My son Tres has cerebral palsy. He is non-speaking, uses an iPad to communicate and a power wheelchair for mobility. If you have met him, you probably noticed his long red dreads and pearly smile.
When Tres was 19, his speech therapist encouraged him to write to express his pent-up frustrations surrounding his disability. That moment began Tres journey of writing music. I will never forget the first song he wrote or the lyrics that stopped me in my tracks.
“I have been locked in a mental prison for 19 years and shed many tears. It makes me want to die and fly in the sky to be with my savior.”
I can’t express how much it hurt, as his mother to read those lines. To realize we had somehow missed the depression and spiraling mental health crisis that led to those words. His pain hid behind his smile.
Unfortunately, his feeling of isolation only became enhanced as he experienced “The Cliff.” The phenomenon that happens to individuals with disabilities as they transition from the education system into young adulthood. They become segregated with minimal opportunities for employment, community involvement and inclusive living.
Tres is also number 2 of 5 kids. He has seen his younger siblings leave our home, find their own communities, and live with independence. He wants his own adult life experience. We want to help him live it.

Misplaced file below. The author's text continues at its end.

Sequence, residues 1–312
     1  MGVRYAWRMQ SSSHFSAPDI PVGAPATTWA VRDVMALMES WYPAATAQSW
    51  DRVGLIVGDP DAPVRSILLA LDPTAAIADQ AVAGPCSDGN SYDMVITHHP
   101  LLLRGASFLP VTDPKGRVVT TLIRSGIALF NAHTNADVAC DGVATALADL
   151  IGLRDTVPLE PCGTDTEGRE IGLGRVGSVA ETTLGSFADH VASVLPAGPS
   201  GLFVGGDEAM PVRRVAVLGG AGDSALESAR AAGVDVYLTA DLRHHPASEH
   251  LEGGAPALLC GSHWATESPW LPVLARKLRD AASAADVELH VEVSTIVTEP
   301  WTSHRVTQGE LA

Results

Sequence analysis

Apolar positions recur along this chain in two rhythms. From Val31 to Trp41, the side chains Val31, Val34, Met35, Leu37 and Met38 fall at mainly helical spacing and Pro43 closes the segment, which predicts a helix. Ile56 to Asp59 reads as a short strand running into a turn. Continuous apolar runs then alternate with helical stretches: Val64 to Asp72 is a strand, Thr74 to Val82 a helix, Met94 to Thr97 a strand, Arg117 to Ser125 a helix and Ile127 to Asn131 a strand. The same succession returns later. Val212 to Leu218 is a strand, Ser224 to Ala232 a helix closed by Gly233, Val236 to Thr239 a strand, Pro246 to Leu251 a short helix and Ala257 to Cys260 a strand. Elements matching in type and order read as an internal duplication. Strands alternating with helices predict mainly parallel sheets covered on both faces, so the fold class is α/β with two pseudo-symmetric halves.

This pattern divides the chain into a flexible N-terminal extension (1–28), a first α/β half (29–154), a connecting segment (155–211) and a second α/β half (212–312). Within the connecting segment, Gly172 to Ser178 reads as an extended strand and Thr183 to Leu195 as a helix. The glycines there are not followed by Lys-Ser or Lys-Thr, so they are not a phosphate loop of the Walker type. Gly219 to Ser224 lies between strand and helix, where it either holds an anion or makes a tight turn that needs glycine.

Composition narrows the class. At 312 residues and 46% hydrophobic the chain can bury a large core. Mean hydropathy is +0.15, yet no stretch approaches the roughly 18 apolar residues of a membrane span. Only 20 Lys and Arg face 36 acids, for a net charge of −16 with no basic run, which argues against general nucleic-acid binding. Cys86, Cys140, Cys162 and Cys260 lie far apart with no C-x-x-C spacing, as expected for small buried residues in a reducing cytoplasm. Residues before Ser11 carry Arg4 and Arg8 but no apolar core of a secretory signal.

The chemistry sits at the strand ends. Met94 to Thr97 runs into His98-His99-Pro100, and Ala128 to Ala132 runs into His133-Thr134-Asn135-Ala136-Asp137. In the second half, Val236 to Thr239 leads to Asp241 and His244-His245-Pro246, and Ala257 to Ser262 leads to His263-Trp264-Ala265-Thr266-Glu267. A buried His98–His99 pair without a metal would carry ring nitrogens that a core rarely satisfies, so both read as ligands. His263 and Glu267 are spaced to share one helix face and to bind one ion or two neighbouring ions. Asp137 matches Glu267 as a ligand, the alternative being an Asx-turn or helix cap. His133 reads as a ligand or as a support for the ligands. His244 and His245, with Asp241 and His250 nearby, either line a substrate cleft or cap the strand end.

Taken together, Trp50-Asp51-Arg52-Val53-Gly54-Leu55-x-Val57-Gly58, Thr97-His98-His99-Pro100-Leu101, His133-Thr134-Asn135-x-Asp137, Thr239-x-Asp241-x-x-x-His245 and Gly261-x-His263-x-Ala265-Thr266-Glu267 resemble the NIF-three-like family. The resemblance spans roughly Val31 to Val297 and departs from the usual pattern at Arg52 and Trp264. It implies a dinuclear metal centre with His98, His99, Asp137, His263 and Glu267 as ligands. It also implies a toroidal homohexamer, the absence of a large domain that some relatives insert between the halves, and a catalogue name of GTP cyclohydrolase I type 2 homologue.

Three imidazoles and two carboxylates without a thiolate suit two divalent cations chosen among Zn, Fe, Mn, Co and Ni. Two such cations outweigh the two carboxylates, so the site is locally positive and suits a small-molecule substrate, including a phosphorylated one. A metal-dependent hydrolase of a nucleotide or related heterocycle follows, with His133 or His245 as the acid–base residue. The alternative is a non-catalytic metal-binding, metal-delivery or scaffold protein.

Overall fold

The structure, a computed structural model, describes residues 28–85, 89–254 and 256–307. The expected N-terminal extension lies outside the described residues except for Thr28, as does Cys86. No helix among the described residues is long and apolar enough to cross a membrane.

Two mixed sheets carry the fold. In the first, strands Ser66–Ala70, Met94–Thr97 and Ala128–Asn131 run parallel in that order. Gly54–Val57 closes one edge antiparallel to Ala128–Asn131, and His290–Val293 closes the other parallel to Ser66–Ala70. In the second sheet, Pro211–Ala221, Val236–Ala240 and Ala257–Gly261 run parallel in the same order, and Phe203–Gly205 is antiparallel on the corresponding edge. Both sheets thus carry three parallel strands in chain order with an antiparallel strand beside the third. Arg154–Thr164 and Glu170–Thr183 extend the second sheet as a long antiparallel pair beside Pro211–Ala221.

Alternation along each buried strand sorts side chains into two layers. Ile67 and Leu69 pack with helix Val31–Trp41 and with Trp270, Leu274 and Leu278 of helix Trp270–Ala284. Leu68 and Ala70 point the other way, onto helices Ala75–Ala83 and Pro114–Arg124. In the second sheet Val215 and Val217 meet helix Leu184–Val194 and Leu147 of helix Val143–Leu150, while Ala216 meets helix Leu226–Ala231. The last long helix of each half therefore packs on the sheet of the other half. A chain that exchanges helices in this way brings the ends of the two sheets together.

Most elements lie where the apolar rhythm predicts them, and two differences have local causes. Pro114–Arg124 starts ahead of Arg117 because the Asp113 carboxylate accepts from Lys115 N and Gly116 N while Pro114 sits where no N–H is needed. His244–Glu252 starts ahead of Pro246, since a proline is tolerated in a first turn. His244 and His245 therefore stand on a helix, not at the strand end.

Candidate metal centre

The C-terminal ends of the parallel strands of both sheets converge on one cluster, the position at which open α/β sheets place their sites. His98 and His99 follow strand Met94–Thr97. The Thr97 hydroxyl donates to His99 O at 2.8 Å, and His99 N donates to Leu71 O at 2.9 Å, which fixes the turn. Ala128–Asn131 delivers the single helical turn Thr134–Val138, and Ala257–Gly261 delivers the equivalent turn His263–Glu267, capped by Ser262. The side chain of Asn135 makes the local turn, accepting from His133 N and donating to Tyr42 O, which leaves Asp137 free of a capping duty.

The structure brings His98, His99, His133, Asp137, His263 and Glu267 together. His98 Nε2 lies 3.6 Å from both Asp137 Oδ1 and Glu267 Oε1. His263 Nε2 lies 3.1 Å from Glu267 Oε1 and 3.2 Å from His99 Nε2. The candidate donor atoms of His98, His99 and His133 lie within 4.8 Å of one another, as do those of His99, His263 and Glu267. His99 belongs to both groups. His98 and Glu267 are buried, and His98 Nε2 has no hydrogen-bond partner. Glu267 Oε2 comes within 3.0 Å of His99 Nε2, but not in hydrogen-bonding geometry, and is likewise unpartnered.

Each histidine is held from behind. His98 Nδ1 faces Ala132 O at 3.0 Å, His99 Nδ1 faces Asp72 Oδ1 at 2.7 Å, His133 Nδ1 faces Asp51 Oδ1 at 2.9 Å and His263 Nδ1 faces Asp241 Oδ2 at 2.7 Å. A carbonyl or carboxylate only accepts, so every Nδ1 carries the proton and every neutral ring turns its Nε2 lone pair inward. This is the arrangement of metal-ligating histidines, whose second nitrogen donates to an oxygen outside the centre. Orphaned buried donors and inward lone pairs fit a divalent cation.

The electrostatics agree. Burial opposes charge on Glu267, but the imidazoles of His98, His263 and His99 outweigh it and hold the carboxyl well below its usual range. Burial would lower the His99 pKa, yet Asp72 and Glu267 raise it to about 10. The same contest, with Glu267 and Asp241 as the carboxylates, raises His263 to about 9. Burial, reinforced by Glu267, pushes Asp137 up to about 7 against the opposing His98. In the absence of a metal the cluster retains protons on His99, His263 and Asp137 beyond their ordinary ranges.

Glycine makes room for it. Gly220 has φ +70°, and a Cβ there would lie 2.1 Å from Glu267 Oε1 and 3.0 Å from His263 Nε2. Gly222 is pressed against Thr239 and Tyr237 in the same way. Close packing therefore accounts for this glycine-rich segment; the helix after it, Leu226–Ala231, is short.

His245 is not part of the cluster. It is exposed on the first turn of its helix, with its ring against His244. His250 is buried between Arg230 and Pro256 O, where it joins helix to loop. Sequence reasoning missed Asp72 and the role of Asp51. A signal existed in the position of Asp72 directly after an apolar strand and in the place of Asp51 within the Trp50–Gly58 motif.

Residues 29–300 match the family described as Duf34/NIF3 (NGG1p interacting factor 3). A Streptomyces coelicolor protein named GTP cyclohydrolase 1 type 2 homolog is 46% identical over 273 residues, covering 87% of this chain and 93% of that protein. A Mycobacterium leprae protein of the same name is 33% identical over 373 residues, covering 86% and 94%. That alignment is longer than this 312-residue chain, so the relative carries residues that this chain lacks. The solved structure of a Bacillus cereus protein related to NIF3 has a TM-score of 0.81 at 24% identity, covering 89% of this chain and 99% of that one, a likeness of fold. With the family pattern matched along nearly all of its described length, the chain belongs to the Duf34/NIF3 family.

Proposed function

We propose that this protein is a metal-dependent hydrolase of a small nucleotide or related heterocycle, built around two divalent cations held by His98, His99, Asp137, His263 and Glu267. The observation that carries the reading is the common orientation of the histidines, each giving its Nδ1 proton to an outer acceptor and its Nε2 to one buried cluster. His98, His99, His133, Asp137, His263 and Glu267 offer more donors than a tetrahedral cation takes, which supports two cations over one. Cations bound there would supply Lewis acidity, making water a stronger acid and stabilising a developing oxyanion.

We began the search for housing options for Tres. He does not want to live in a group home or development made only for individuals with disabilities. He desperately wants true inclusion. We found no inclusive housing options in Florida.
We heard about a development called Mainstreet in Rockville, Maryland. Their model was impressive, with 30% of the units set aside for individuals with disabilities and the other 70% open to anyone in the community who would like to live there. Their wait list was in the thousands, and they proved that an inclusion based housing design could safely and successfully be done.
We began dreaming about an inclusive model for Tampa. As a family, we sat around the table brainstorming a name for the development. We wanted something that represented togetherness and belonging. Words that would let every individual know they were an integral part of the whole and their input mattered. Then my oldest daughter shouted out, “a beehive!” She explained beehives symbolize the importance of every bee’s contribution to the betterment of the bee colony. A hive is inclusive and represents community.
There you go. The Hive Inclusive Community. The vision was born.